HDMI is compatible with HDTV signals up to 1080p resolution, a bandwidth of about 2.6 Gbps. HDMI is capable of a bandwidth of up to 5 Gbps.


There are multiple versions of HDMI cables. In addition the standard Type A connector, there is a "Mini-HDMI" (Type "C"), which is exactly what it sounds like: a miniaturized version for use with small peripherals like a camcorder. A special cable with a small connector on one end and a conventional type A HDMI connector on the other end is needed. Another version is "HDMI 1.3", which is supposed to be an enhanced version of HDMI capable of "deep purple". According the HDMI association, 98 percent of currently sold HDMI cables are compatible with HDMI 1.3.


HDMI cable length is an important consideration. Anything over 30 feet has the potential for causing significant degradation of the signal, but cable lengths of 75 feet or less will be OK in most circumstances. There is not a significant difference between expensive cables ($50 or more) and the inexpensive cables found at your discount retailer, or better yet from an on-line retailer like Amazon.com. Any cable marked with the HDMI logo must have been tested at an HDMI Authorized Testing Center. A 6-foot cable should cost less than $10. Save your money for the items where money actually accomplishes something.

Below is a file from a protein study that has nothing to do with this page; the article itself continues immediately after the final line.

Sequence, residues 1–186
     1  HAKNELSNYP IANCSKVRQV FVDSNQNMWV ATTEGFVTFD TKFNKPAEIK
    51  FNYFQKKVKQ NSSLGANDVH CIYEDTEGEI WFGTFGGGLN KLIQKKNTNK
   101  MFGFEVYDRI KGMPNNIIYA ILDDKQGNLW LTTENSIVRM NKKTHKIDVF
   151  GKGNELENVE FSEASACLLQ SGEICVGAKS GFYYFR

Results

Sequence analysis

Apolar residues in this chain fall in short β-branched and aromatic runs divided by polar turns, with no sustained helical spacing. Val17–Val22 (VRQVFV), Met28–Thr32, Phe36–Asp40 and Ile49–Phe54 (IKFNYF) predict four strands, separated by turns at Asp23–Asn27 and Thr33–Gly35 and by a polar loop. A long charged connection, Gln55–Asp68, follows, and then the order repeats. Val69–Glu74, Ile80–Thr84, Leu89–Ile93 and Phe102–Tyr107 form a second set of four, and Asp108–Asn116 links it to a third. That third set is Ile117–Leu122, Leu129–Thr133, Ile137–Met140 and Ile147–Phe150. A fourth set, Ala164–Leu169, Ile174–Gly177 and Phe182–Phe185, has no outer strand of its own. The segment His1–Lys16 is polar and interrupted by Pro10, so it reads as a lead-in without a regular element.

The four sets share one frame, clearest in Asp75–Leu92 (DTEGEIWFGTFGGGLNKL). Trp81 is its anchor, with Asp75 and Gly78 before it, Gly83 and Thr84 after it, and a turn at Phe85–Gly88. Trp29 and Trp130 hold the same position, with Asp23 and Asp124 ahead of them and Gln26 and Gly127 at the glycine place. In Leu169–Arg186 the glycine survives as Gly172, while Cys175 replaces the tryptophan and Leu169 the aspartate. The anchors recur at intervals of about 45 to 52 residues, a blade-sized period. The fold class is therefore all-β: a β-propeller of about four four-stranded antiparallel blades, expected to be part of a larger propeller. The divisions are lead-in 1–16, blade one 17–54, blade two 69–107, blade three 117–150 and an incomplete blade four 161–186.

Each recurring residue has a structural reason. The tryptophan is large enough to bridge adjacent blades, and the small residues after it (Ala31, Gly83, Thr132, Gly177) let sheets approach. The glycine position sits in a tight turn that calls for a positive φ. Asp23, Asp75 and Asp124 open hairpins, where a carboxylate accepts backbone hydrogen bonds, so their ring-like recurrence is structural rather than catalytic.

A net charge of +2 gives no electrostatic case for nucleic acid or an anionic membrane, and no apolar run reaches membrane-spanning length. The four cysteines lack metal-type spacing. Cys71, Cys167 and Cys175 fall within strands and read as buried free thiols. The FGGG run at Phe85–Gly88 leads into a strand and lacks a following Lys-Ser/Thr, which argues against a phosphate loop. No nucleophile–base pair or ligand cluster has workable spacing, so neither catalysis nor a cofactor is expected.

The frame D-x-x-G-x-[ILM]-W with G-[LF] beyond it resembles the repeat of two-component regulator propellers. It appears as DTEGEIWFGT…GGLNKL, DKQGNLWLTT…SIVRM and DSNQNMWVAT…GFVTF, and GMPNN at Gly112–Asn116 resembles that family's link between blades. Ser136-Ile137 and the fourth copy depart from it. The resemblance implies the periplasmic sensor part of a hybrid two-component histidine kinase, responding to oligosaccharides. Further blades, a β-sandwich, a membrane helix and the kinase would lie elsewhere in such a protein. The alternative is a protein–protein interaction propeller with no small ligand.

HDMI has become the de facto standard for HDTV interconnects. Even though some of the features of HDMI are probably not implemented fully on your current equipment, once you upgrade, HDMI will most likely support the interconnect needs, at least for the foreseeable future.










About the Author:


Brian Bradshaw is an InfoComm Certified Technical Specialist (CTS), Microsoft Certified Technology Specialist (MCTS), and CompTIA A+ Computer Technologist. Areas of expertise include Video, HDTV, Audio, Computation, SATCOM Systems, and Communications.

Website: http://bradshaw-vacuum-technology.com/